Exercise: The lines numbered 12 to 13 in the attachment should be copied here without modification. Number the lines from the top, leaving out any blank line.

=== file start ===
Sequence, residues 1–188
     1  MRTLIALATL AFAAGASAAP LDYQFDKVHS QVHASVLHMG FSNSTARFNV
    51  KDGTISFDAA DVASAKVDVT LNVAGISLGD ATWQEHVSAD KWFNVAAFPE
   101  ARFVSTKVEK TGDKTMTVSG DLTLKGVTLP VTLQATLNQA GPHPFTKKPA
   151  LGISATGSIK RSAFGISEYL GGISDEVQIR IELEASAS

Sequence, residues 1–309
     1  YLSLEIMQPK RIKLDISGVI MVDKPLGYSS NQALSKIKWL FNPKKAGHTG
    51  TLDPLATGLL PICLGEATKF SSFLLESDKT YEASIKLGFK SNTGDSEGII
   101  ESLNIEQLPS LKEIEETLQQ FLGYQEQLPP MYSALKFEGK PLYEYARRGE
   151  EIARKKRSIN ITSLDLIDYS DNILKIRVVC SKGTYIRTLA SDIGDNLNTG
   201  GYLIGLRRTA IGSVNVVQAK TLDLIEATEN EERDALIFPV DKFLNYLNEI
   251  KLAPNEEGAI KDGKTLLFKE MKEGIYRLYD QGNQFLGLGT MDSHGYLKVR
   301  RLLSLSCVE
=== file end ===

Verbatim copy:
   251  KLAPNEEGAI KDGKTLLFKE MKEGIYRLYD QGNQFLGLGT MDSHGYLKVR
   301  RLLSLSCVE